On 7 September, the European Parliament passed a resolution regarding proposals to reform the Brussels Regulation on jurisdiction and the recognition and enforcement of judgments in civil and commercial matters. The resolution adopts all of the proposals for reform contained in the report of the European Parliament’s Committee for Legal Affairs, which was published on 23 June 2010.
The key proposals are:
- The exequatur procedure should be abolished. This concept refers to the decision by a court authorising the enforcement in that country of a judgment, arbitration award, or court settlement given or made abroad.
- The arbitration exception should not be deleted, rather it should make it clear that judicial procedures relating to the validity or extent of arbitral competence are excluded from the scope of the Regulation.
- The court designated in a jurisdiction clause should not be required to stay its proceedings if proceedings are commenced in another court. There should be an associated requirement that any jurisdictional disputes should be decided expeditiously by the chosen court.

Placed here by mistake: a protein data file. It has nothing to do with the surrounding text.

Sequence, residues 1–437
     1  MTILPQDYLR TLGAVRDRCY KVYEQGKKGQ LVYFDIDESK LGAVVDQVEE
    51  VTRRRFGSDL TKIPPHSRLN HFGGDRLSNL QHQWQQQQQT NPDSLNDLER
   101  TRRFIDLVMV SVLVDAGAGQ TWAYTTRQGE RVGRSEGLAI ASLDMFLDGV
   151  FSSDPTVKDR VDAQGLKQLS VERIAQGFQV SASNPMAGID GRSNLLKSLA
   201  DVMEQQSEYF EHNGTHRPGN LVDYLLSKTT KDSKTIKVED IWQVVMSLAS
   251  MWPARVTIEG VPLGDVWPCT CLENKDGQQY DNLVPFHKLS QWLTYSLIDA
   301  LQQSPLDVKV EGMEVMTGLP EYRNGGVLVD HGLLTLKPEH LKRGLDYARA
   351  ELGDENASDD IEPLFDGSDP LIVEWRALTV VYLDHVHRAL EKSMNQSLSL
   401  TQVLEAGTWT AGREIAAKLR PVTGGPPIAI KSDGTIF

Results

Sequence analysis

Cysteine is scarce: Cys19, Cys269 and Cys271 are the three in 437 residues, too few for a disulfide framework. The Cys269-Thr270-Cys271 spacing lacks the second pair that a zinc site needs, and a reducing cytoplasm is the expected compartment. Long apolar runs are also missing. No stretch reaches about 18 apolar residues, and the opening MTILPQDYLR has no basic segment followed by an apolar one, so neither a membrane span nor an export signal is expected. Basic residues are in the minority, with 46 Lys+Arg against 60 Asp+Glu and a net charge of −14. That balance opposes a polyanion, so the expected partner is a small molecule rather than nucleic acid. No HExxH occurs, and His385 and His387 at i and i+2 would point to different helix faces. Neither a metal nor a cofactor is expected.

- The court designated in a jurisdiction clause should have the option to stay its proceedings where another court is better placed to hear the case.
- The Regulation be amended to give effect to exclusive jurisdiction clauses in favour of the courts of non-European states. Further, in relation to rights in rem in respect of immovable property in non-European states, the rules on exclusive jurisdiction in Article 22 of the Regulation be extended to cover such property.
- Guidance on when a court should grant interim measures in support of proceedings elsewhere should be incorporated into the Regulation.
The Commission will consider this Resolution and formulate its legislative proposals, after which the reforms will move forward under the ordinary legislative procedure. The Commission’s proposal is expected to be published on 14 December 2010.